The Error Spending Information (Nonbinding Beta Boundary) table in Output 87.13.5 displays cumulative error spending at each stage for each boundary. With a nonbinding beta boundary, the $\alpha $ spending at each stage is computed by using the $\alpha $ boundary only.

Output 87.13.5: Error Spending Information

Error Spending Information (Nonbinding
Beta Boundary)
_Stage_ Information
Cumulative Error Spending
Proportion Beta Alpha
1 0.2500 0.00278 0.00003
2 0.5000 0.02603 0.00211
3 0.7500 0.06343 0.01046
4 1.0000 0.10000 0.02500

The SEQDESIGN procedure derives the drift parameter $\theta _{1} \sqrt {I_{X}}$, where $\theta _{1}$ is the alternative reference and $I_{X}$ is the maximum information. With the SAMPLESIZE statement, the maximum information is used to compute the required sample size for the study.

The Sample Size Summary table in Output 87.13.6 displays parameters for the sample size computation. With the MODEL=TWOSAMPLEFREQ(NULLPROP=0.6 TEST=PROP) option in the SAMPLESIZE statement, the total sample size and expected sample sizes under the null and alternative hypotheses for testing the difference between two proportions are displayed.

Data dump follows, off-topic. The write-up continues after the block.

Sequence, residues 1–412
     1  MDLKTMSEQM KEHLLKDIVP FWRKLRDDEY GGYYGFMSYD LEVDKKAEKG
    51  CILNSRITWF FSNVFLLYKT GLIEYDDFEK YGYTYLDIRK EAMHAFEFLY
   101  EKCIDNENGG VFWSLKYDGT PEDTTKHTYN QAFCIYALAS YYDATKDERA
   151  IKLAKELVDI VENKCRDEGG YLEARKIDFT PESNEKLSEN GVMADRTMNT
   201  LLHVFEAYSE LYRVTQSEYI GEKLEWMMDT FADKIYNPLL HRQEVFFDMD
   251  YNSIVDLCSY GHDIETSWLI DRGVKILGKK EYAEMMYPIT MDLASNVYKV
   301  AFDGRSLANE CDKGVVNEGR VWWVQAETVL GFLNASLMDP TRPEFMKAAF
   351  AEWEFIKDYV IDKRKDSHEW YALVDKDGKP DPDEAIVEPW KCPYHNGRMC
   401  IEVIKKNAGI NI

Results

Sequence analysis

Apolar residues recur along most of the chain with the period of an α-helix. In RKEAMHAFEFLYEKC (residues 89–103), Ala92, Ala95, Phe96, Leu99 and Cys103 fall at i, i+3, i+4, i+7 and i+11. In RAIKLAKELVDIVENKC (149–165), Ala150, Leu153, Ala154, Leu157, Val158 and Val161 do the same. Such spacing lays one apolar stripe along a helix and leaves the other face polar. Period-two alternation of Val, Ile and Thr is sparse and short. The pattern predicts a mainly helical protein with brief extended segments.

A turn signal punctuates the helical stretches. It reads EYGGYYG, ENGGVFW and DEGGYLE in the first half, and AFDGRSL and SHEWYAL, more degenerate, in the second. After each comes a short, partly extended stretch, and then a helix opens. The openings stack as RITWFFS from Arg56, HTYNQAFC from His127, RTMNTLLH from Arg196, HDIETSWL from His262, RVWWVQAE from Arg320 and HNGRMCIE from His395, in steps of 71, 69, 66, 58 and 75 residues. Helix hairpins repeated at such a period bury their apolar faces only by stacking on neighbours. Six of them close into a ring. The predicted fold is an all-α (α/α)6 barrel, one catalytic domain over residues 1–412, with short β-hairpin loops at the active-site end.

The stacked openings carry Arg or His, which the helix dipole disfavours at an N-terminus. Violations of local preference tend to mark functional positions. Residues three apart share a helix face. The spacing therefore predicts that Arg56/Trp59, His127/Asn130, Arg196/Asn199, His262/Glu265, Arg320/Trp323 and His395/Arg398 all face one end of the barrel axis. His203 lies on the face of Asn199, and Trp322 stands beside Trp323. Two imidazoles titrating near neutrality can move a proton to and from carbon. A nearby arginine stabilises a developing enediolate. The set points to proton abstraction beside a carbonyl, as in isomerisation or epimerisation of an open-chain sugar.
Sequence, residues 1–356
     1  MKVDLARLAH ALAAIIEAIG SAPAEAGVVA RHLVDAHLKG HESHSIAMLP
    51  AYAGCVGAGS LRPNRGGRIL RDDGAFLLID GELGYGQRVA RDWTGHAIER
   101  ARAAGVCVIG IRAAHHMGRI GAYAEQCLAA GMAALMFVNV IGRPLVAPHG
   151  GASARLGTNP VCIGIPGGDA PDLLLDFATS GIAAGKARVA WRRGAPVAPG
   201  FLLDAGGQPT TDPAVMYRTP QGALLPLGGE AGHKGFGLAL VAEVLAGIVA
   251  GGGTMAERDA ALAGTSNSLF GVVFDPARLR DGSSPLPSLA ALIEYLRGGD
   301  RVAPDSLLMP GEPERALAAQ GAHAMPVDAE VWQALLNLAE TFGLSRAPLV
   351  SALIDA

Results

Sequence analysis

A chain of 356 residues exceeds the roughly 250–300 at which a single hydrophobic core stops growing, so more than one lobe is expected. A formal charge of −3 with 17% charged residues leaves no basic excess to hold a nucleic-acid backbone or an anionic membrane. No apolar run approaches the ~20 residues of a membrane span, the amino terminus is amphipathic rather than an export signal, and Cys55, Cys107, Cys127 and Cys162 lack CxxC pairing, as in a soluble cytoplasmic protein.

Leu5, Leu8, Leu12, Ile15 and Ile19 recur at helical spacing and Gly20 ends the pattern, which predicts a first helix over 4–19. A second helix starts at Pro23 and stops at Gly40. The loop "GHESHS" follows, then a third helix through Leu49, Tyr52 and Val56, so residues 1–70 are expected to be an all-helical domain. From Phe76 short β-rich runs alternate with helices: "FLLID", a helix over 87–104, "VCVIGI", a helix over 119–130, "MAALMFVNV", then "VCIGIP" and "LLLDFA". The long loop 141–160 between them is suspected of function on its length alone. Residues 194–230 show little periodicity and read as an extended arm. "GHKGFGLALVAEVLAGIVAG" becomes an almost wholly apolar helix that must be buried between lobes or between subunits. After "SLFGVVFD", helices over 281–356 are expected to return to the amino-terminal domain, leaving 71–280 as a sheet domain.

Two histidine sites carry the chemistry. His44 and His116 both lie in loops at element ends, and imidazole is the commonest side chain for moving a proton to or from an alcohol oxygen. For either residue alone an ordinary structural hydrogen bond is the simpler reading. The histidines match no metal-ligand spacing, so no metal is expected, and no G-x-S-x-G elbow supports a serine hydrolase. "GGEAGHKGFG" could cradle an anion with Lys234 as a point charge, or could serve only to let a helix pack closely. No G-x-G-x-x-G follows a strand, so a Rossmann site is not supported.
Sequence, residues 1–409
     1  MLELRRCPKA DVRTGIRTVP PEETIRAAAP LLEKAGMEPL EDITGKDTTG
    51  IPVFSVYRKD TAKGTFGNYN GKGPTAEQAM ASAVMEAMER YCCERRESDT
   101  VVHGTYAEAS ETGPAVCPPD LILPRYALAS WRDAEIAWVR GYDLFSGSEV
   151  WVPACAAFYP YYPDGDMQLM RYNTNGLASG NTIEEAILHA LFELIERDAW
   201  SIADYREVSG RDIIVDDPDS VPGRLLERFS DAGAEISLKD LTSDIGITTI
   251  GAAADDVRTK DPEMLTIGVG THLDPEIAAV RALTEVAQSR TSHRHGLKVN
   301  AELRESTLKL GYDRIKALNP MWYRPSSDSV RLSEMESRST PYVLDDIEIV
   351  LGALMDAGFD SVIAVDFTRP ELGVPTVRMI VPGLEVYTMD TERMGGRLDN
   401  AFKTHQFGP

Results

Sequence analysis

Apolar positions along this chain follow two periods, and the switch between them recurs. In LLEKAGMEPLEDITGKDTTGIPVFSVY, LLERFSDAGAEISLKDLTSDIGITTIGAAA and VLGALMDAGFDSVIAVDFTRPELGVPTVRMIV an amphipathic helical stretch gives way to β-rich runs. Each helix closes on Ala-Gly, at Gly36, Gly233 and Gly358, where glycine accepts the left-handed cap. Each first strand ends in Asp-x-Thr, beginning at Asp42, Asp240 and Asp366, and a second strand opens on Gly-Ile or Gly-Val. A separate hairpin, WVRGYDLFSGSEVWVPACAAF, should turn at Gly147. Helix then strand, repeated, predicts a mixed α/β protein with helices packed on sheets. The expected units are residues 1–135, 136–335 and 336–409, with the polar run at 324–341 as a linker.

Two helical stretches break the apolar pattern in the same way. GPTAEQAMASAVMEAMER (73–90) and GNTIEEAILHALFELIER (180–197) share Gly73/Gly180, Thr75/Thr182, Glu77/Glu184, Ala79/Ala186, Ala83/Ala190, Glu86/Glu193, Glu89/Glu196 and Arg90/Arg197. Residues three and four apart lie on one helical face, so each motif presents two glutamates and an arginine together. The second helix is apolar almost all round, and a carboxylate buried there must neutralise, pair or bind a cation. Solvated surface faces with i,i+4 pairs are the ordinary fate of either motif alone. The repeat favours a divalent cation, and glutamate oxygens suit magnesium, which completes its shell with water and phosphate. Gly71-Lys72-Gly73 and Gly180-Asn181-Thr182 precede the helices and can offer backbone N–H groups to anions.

Output 87.13.6: Sample Size Summary

Sample Size Summary
Test Two-Sample Proportions
Null Proportion 0.6
Proportion (Group A) 0.75
Test Statistic Z for Proportion
Reference Proportions Alt Ref
Max Sample Size 442.0603
Expected Sample Size (Null Ref) 248.7446
Expected Sample Size (Alt Ref) 313.5929

The Sample Sizes (N) table in Output 87.13.7 displays the required sample sizes at each stage, in both fractional and integer numbers. The derived fractional sample sizes are under the heading Fractional N. These sample sizes are rounded up to integers under the heading Ceiling N. As expected, the sample sizes in the table are larger than the corresponding sample sizes in the corresponding design with binding beta boundary.

Output 87.13.7: Derived Sample Sizes

Sample Sizes (N)
Two-Sample Z Test for Proportion Difference
_Stage_ Fractional N Ceiling N
N N(Grp 1) N(Grp 2) Information N N(Grp 1) N(Grp 2) Information
1 110.52 55.26 55.26 129.3 112 56 56 131.0
2 221.03 110.52 110.52 258.5 222 111 111 259.6
3 331.55 165.77 165.77 387.8 332 166 166 388.3
4 442.06 221.03 221.03 517.0 444 222 222 519.3